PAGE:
Could Expulsion Of OU Students In Racist Video Violate First Amendment?

Tuesday, March 10th 2015, 11:08 pm
By: News On 6

OU President David Boren reacted quickly as he expelled two of the students in the SAE video which shows fraternity members chanting racist lyrics on a bus ride to an Oklahoma City country club.

Boren said the chant creates a hostile environment for others. In it, you hear the students using the “n-word” and reference a lynching.

Boren also shut down the fraternity and gave all members until midnight Tuesday to be out.

So, what kind of rights do the two expelled students have in all of this?

Many arguments are swirling around the First Amendment, which allows you to say virtually anything you want.

But in his letter Boren said they're being expelled because their leadership role in the chant created a hostile educational environment.

3/10/2015 Related Story: OU President David Boren Expels 2 Students Related To Racist Video

SAE's national headquarters evicted the frat from campus, but can OU actually expel the students from school?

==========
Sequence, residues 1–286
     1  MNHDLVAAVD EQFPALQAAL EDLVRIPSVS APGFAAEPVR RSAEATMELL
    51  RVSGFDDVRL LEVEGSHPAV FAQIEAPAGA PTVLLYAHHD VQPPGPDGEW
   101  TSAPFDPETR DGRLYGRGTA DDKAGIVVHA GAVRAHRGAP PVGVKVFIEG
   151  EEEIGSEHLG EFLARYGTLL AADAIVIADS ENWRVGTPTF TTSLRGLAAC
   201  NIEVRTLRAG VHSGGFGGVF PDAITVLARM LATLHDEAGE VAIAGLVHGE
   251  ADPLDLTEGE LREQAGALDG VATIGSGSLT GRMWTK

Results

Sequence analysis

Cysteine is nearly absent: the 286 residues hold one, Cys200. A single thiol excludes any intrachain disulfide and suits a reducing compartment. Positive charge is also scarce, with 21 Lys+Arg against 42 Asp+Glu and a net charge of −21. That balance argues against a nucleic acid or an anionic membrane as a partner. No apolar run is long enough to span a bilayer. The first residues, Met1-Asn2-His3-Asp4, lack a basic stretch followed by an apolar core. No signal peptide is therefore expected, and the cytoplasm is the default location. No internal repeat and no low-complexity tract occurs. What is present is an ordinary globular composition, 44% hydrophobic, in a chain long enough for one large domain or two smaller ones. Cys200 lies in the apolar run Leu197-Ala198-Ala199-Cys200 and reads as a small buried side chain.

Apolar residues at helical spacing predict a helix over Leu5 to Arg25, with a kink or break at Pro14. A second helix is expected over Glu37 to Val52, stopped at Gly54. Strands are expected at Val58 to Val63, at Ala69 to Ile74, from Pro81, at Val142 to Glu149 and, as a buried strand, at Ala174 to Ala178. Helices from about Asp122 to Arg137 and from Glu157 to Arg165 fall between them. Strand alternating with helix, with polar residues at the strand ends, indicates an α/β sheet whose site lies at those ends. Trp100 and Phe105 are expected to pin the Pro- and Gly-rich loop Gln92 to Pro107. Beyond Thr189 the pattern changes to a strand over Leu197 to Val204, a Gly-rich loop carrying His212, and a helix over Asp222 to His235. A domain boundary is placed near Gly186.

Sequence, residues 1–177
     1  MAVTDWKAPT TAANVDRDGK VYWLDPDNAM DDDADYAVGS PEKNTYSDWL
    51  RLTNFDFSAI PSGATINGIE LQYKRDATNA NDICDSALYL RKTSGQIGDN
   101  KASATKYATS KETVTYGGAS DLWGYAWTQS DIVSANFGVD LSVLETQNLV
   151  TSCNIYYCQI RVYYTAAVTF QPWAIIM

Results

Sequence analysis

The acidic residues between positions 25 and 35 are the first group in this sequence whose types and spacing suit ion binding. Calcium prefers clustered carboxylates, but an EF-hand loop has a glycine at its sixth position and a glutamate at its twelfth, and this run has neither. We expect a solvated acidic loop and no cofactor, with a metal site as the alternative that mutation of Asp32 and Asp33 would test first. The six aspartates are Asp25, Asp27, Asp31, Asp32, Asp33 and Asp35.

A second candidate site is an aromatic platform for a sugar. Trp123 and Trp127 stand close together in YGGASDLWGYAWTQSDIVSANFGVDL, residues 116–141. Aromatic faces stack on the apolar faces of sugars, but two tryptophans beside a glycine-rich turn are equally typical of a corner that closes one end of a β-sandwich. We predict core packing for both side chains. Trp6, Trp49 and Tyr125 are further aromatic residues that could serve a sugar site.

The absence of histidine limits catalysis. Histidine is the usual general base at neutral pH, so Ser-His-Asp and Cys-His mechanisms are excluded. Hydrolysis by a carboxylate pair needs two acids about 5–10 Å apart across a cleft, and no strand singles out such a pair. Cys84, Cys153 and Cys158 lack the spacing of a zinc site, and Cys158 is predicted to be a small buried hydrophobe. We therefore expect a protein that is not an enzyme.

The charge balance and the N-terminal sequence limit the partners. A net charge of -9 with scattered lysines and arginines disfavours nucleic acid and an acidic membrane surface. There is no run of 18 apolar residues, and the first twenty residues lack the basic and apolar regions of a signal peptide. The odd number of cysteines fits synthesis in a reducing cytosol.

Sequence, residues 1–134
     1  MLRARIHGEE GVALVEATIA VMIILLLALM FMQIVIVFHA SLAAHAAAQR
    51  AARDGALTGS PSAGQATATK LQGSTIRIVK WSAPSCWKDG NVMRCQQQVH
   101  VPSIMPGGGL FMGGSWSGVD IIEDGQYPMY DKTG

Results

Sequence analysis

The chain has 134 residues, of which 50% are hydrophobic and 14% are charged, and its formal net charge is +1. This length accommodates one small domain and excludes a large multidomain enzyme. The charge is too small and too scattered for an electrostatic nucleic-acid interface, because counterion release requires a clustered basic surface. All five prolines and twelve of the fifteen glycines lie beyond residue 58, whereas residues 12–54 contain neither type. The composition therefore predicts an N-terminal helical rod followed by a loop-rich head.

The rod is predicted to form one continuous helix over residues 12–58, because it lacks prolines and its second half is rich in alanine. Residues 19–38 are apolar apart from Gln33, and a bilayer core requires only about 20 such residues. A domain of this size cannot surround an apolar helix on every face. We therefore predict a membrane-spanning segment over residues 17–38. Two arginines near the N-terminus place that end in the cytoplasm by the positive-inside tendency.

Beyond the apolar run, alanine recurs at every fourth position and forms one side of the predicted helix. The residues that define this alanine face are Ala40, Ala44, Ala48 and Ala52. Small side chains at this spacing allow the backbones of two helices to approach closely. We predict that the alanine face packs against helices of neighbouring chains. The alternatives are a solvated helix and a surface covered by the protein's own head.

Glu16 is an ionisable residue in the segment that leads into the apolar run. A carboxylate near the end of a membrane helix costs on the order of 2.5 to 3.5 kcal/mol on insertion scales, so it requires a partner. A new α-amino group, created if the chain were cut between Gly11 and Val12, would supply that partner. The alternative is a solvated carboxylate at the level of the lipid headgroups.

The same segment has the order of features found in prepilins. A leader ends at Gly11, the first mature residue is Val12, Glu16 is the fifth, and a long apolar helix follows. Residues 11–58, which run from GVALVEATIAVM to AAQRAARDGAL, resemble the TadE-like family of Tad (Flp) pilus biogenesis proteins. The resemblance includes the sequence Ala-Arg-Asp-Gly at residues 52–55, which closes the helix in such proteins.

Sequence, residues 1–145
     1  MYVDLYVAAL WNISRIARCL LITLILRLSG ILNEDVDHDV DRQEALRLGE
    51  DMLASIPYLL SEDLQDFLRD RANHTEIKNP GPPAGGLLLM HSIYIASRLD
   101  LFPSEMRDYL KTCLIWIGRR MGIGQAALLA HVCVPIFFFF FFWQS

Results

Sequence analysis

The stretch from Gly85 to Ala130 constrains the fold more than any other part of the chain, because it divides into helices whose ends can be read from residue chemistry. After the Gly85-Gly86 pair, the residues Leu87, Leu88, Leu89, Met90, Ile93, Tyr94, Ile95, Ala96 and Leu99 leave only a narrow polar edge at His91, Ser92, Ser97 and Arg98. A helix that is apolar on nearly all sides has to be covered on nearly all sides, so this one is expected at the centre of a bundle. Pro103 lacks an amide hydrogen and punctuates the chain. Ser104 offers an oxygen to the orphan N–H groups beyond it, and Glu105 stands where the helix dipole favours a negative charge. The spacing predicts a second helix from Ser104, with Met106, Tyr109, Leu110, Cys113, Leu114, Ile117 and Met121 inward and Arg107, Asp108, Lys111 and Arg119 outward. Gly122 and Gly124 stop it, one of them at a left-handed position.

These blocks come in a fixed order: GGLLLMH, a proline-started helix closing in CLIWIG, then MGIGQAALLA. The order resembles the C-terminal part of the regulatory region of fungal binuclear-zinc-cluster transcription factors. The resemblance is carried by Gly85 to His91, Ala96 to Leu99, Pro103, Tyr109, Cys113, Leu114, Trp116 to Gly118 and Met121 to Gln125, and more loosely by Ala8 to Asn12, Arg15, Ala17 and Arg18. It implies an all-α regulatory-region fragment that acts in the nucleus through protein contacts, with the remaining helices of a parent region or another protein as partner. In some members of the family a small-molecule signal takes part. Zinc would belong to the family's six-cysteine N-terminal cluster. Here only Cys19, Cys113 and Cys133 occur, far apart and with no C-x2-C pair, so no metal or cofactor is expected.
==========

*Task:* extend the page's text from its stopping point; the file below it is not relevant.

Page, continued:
According to Boren, absolutely - he expelled the two students Tuesday, effective immediately – but Tulsa lawyer Doug Dodd said the waters are still very muddy at this point regarding the students' rights.

“It is possible that the expulsion could stand," he said. "I'm not sure that is clear right now because the university has its own rules and regulations on what a college environment is supposed to be."

According to Boren's letter, the students have until Friday to appeal the decision.

"I suspect their argument could be 'We said what we said and did what we did, but we were not on campus and not part of a university activity, so you should not punish us for what we did,'" Dodd said.

He said there could be a lawsuit against OU on behalf of those students.

3/10/2015 Related Story: Parker Rice Apology: "Yes, the song was taught to us, but that too doesn't work as an explanation."

However, Boren said the expulsion is based on their leadership role over what he calls the racist chant that led to the hostile environment, not the actual chant itself.

"My guess is that, right now, this might be one of those First Amendment things where First Amendment does not necessarily trump the university regulations in this case," Dodd said.

As far as other court cases like this one, Dodd said there aren't many to compare it to, but did mention some that dealt with things published in university newspapers.